Hana: Kore-eda keeps surprising us; each film is quite different from the one before. In a downtrodden neighborhood of Edo (the old name for Tokyo), people live in mud and dung, struggling to get by. Some of the loyal 47 ronin wait impatiently to avenge their executed lord, while a young man hangs around trying to find his father’s killer. But the fact that the youth is a fairly inept warrior tips you off to the essentially comic vision underlying this warm movie. Add in a bully who isn’t actually a bad guy and a gallery of low-life neighborhood types, who pass the time rehearsing a play that unwittingly satirizes the samurai ethos. The result is a film that probes the righteousness of vengeance with tact and vulgar humor. Everybody I know wanted to see this again, right away.

My Scary Girl (Korea): The Trouble with Harry meets The Forty-Year-Old Virgin. Dae-Woo has never had a date, but he decides to start with his cute neighbor. He doesn’t know that she’s a Woman with a Past, not to mention a fairly worrisome Present and an ominous Future. Romantic comedy shifts to black comedy, and bowling pins mix with lopped-off fingers. It’s a crowd-pleaser, and Hollywood will probably rush to remake it. But will an American director have the guts to keep the very logical but not wholly happy ending?

I Don’t Want to Sleep Alone: Taiwanese director Tsai Ming-liang has provocative ideas and burnished imagery, but sometimes I’ve thought he’s too clever by half. This movie, his first in his native Malaysia, won me over because it seems to play to all his strengths. Four people intersect around, under, and on a mattress, with an extra character as a kind of comatose sentinel. Tsai’s gorgeous imagery isn’t just pretty for its own sake. Like Tati, he can design compositions which are actually funny, and his long takes give us time to probe the textures and crannies of staircases, a building site, and ordinary streets. The film’s last shot is alone worth the price of admission.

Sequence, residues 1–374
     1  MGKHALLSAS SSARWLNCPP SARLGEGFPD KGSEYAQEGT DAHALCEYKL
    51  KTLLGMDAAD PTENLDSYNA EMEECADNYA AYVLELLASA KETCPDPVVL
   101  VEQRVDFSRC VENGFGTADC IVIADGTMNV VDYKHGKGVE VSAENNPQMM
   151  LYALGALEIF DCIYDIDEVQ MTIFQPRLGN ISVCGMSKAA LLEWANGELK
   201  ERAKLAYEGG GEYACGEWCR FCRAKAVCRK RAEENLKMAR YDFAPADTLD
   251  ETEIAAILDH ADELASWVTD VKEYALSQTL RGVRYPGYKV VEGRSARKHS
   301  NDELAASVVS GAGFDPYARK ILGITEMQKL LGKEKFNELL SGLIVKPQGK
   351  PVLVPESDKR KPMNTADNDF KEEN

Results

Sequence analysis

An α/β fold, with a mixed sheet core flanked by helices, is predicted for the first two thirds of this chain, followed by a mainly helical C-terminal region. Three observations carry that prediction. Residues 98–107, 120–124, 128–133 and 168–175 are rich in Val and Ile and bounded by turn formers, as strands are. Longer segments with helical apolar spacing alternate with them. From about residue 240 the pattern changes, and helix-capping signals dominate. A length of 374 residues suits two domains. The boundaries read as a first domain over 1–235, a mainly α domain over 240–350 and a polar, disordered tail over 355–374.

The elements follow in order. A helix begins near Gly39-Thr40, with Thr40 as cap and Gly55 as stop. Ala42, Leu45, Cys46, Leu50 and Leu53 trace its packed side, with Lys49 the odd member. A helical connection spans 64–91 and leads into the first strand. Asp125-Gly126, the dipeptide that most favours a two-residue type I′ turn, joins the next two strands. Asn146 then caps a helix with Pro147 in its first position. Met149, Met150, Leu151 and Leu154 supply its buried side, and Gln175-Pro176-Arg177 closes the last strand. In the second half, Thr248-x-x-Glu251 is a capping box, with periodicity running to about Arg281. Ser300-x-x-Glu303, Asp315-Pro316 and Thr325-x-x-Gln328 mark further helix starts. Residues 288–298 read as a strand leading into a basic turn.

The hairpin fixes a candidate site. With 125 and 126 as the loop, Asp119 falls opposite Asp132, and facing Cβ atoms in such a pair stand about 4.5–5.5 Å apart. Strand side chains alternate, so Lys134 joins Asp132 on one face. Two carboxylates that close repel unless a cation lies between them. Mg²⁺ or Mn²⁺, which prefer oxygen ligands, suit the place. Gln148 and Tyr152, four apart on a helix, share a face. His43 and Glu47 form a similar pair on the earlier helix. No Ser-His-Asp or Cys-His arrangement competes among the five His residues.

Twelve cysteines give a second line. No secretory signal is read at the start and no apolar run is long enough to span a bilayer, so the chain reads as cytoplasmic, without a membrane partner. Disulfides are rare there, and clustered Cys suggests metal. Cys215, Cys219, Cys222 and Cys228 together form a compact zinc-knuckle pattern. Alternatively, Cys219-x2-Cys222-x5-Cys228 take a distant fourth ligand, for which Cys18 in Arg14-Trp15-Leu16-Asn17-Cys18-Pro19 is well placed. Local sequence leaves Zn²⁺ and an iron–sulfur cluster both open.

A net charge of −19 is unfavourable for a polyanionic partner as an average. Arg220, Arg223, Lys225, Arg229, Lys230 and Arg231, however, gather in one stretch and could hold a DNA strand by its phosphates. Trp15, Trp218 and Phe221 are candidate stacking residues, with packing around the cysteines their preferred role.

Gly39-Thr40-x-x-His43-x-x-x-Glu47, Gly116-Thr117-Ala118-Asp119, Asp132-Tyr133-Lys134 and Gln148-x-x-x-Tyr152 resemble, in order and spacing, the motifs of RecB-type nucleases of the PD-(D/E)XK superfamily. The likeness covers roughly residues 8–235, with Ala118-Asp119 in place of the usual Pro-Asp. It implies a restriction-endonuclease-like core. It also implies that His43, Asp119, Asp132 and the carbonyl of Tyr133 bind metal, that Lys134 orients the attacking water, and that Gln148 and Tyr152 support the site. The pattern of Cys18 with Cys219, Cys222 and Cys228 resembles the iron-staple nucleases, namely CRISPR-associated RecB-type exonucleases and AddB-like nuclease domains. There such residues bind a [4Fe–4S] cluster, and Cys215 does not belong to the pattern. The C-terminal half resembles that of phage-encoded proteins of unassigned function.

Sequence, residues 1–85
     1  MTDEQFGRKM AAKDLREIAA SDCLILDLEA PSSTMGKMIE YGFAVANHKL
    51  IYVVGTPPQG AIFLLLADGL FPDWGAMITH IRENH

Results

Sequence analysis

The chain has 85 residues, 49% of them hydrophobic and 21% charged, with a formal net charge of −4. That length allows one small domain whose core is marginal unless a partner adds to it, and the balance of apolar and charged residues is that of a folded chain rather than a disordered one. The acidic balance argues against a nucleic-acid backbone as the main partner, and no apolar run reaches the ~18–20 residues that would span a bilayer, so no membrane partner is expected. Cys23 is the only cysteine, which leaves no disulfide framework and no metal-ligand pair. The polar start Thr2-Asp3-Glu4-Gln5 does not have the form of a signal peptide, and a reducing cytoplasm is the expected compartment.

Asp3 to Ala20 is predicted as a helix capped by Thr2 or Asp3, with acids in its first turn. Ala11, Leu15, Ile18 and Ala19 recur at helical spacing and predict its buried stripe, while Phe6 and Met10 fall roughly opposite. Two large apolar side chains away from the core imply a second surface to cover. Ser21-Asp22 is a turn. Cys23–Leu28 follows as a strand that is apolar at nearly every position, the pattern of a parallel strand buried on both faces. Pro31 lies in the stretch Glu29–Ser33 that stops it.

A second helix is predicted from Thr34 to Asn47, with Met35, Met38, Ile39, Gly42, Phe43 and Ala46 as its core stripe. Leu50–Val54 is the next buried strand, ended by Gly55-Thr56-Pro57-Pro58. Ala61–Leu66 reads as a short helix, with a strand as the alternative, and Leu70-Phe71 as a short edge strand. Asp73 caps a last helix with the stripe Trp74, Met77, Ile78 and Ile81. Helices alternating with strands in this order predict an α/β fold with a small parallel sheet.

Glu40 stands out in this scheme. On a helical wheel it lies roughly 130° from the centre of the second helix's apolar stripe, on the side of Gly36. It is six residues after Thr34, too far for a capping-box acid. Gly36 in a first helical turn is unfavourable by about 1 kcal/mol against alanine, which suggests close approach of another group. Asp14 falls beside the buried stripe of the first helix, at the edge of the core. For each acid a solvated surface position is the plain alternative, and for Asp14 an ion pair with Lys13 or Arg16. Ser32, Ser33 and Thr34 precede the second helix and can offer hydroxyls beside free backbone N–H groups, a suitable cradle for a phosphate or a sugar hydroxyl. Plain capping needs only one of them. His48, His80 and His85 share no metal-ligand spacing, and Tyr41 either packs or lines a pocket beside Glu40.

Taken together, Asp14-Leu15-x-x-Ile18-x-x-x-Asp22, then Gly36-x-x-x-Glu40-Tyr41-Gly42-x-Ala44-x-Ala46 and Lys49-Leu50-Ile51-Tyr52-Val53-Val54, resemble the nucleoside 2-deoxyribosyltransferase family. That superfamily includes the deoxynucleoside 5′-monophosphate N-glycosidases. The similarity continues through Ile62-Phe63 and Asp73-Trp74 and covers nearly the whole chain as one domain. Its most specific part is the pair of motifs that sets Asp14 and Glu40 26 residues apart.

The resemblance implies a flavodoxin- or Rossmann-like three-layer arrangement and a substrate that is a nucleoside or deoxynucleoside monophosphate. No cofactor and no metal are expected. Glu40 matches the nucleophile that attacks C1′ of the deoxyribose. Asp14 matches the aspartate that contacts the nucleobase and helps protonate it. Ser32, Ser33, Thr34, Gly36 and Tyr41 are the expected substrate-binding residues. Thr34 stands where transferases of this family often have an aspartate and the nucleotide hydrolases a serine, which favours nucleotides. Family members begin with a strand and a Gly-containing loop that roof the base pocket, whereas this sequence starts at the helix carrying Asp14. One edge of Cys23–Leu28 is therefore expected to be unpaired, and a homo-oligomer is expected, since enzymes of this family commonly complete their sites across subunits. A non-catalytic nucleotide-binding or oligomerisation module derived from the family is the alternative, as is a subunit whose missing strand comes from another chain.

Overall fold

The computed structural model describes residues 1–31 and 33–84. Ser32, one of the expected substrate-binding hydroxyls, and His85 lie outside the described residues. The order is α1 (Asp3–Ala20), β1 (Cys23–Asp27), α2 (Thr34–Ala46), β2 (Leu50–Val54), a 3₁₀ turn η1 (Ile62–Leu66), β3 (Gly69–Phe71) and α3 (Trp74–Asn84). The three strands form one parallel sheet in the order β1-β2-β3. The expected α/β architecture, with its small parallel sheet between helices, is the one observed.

No Mercy for the Rude (Korea): This time the hitman is a mute (or is he?) vowing to kill only the really bad people, and hoping to accumulate enough pay to afford an operation on his “short tongue.” He falls in with a street kid and a hooker, and as the seriocimic plot unfolds we get the very Asian insistence that childhood innocence can be recovered even in the midst of carnage. The film indulges in some flights of fancy—a hitman’s picnic, a hitman who’s a ballet dancer—before coming to its satisfying end in, of all places, a bullring.

Faceless Things: Warnings about gay sadomasochism to the contrary, this doesn’t offer much you can’t see in Warhol or Waters. What it does provide is three shots. The first, nearly 45 minutes long, provides virtually a one-act play about a motel tryst between a businessman and his teenage lover. The second shot shifts us to an anonymous sexual encounter that is admittedly fairly off-putting, but handled with the mix of casual framing and off-kilter suspense we find in, again, Warhol. The very last shot is very brief and puts the other two into a new context. Director Kim Kyong-Mook is only in his early twenties, but his ambition and daring make him a filmmaker to watch.

My last night has come all too soon. So just to make sure that the Europeans are still at work, I’ll check on the French cop movie Le Petit Lieutenant. I’ll end with another Dragons and Tigers entry, the Taiwanese movie Do Over.

Maybe a Chinese dinner afterward. Film isn’t the only thing that Asians do well.

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David Bordwell